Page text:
Research

Kolleen Stacey Ovarian Cancer Early Detection Program – BioCD Project

KolleenStaceyEarlyDetectionSmall2In recent years, cancer research has benefited from the development of new technologies that enable scientists to perform higher volumes of detailed experiments. That, in turn, has allowed them to cover more ground in their research and make breakthroughs more rapidly than ever before.

One of the biggest beneficiaries of this trend is ovarian cancer research. Because ovarian cancer is characterized by vague early symptoms, it typically goes undiagnosed until it reaches an advanced stage, resulting in a poor prognosis.

Dr. David Nolte disusses his BioCD technology
Dr. David Nolte
(BioCD Technology)
The goal of the Kolleen Stacey Ovarian Cancer Early Detection Program is to leverage recent research advancements to develop a screening test that can detect ovarian cancer at its earliest stage – when it’s most treatable. (The program focuses mainly on epithelial cancers, the most common of the ovarian cancers.)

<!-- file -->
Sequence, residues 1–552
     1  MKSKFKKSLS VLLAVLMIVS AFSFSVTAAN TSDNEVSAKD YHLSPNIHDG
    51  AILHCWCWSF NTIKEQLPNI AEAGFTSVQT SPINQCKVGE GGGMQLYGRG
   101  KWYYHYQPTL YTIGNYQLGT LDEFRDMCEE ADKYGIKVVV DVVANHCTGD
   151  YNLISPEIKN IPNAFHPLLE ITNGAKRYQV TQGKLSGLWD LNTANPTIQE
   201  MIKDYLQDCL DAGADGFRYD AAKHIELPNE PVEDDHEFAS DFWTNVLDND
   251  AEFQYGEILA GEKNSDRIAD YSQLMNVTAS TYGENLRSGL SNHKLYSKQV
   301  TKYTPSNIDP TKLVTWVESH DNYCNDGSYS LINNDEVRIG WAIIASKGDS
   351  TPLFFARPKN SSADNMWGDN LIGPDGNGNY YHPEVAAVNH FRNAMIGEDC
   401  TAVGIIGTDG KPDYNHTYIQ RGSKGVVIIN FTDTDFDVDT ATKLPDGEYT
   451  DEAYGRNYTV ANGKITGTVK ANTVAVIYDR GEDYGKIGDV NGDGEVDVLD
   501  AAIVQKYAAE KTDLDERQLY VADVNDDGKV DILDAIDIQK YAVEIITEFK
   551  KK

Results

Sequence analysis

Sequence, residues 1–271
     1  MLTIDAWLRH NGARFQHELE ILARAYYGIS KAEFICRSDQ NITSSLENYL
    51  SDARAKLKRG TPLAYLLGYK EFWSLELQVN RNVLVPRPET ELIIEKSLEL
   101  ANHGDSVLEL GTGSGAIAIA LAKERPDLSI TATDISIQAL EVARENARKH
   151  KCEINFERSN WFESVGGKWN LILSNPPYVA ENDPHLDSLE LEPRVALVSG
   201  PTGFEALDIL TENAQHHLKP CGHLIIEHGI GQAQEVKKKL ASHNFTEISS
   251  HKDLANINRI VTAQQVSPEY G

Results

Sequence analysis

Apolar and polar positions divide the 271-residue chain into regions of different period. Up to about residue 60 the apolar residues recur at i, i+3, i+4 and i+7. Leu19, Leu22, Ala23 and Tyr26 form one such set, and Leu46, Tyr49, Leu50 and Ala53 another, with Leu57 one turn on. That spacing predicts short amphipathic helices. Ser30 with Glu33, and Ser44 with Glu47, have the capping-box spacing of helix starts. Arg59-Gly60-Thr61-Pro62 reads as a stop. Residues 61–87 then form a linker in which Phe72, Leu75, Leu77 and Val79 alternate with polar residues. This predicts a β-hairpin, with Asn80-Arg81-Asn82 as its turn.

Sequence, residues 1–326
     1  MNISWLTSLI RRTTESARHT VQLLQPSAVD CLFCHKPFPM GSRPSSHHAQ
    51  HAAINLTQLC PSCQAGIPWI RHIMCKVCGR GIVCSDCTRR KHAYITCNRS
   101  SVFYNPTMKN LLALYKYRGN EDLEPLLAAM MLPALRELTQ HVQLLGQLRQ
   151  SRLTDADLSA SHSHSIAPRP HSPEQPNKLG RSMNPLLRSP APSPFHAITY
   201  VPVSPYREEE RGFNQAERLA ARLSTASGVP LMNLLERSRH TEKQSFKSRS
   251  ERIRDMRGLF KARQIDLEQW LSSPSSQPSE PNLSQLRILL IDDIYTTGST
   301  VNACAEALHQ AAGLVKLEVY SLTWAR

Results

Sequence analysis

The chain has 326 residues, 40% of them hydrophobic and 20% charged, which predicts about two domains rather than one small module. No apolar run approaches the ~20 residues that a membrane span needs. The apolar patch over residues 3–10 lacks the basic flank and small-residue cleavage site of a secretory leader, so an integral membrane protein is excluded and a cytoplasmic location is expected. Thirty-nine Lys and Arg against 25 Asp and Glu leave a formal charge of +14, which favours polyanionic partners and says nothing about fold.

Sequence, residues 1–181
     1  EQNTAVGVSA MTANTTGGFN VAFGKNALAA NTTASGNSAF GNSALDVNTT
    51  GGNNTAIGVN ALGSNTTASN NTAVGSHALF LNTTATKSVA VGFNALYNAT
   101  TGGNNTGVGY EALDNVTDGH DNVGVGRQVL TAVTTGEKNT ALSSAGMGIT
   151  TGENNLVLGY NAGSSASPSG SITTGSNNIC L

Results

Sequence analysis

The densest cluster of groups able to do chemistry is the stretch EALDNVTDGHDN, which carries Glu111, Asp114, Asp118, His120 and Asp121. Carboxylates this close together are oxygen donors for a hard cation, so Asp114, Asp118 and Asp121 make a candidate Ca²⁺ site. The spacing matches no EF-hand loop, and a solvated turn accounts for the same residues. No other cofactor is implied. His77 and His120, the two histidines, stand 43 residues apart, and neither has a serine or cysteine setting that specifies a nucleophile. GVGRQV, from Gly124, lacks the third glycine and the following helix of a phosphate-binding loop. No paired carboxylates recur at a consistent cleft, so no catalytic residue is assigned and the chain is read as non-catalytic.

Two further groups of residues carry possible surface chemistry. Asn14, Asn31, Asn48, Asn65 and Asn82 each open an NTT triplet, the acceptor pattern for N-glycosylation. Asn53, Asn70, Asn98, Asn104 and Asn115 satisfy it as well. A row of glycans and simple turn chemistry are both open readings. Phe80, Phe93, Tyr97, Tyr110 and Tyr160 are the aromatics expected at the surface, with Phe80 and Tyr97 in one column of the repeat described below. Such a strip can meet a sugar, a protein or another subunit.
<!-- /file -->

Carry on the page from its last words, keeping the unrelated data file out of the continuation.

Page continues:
The most promising breakthrough on this front in some time is the BioCD, developed by Dr. David Nolte, a professor of physics and the director of the adaptive optics and biophotonics group at Purdue University. The BioCD uses a focused laser to rapidly interrogate tens of thousands of antibody spots printed on the surface of a disc.

At WORD, we’re working in partnership with a team of researchers from Purdue University, as well as partners in the private sector, to harness the potential of the BioCD in order to create an early detection test for ovarian cancer a reality.

pdf Kolleen_Stacey_BioCD_Info_Sheet.pdf 235.57 Kb

Last Updated on Monday, 30 August 2010 10:11
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